ABC in Denver, Colorado is reporting on a study by the U.S. Forest Service that apparently concludes that bullets cause forest fires. Needless to say, reports like this add fuel to the fire (pun intended) for those looking to outlaw hunting and further restrict Americans’ right to own firearms. The argument, or so it goes, is that hunting is “outdated” and “barbaric” and puts lives in danger. Add to that the idea that bullets cause wildfires, an especially incendiary claim so soon after nineteen firefighters lost their lives in Arizona. But there’s one problem: the study is a steaming pile of horse hockey . . .
“We designed an apparatus that consisted of a steel deflector plate and a box at the bottom called a ‘collector box’ that we could fill with various materials that could be tested for ignition,” said research forester Mark Finney.
They found once certain bullets fragmented, they would ignite the moss in the collector box.
“The bullet by itself isn’t very hot until it strikes something very solid,” Finney said. “The process of deforming it….is what heats it up.”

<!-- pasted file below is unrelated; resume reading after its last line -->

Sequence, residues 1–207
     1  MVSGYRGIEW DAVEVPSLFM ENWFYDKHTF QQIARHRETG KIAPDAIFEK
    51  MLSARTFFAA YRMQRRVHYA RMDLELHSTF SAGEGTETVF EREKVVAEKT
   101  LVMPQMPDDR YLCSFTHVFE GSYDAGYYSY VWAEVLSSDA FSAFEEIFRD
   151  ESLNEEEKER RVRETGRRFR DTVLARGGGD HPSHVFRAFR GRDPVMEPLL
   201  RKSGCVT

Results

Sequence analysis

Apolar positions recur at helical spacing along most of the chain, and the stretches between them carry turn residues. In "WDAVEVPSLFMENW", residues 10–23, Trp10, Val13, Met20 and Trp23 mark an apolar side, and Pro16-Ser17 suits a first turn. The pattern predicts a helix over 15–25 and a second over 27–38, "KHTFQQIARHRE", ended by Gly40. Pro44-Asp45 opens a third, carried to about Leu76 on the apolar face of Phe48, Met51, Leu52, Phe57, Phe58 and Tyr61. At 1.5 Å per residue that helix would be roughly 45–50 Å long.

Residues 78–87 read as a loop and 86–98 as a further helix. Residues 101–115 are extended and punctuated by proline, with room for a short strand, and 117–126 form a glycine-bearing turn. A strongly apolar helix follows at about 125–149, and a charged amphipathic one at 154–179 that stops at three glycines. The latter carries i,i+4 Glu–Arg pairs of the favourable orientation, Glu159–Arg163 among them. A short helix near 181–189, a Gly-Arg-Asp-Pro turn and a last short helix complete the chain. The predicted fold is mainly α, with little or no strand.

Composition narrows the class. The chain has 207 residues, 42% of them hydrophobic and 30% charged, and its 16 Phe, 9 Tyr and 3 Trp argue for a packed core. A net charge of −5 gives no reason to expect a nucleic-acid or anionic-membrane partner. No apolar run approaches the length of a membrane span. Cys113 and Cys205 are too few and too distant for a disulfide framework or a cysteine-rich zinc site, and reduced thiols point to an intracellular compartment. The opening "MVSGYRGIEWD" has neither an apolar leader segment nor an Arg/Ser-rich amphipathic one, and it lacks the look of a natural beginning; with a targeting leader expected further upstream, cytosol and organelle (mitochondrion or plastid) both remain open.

Anyone remember those fire starter kits from your Boy Scout days? The ones with the flint and steel? Striking one metal against the other caused sparks, which can in turn be used to light a campfire. It’s kinda the same principle here: the kinetic energy of the bullet flying downrange is instantaneously stopped by the steel plate and that energy needs to go somewhere. Some of the energy is translated into moving the steel plate, some becomes sound waves (making that “GONG” sound) and some is converted to heat.
The problem with this study is that people rarely have a solid steel plate as their backdrop when they’re shooting out in the woods. Most of the time the bullets smack into a tree or a dirt-covered hill. In both of those cases, the bullet slows down more gradually meaning less kinetic energy is translated into heat. That’s why the tree pictured above didn’t burst into flames when it was hit. The projectile didn’t produce enough energy over a short enough period of time to spark a fire.
The U.S. Forest Service seems to have ignored this little issue, instead opting to bounce rounds off of a steel plate and deflecting the fragments into a pile of dry tinder. Gee, it’s almost as if they were trying to start a fire. Considering that the overwhelming majority of shooters – let alone hunters – aren’t out in the woods shooting at steel targets, that renders the conclusion drawn by this report utterly useless. Not to mention inflammatory. And likely politically biased.
In summary, I call bullshit.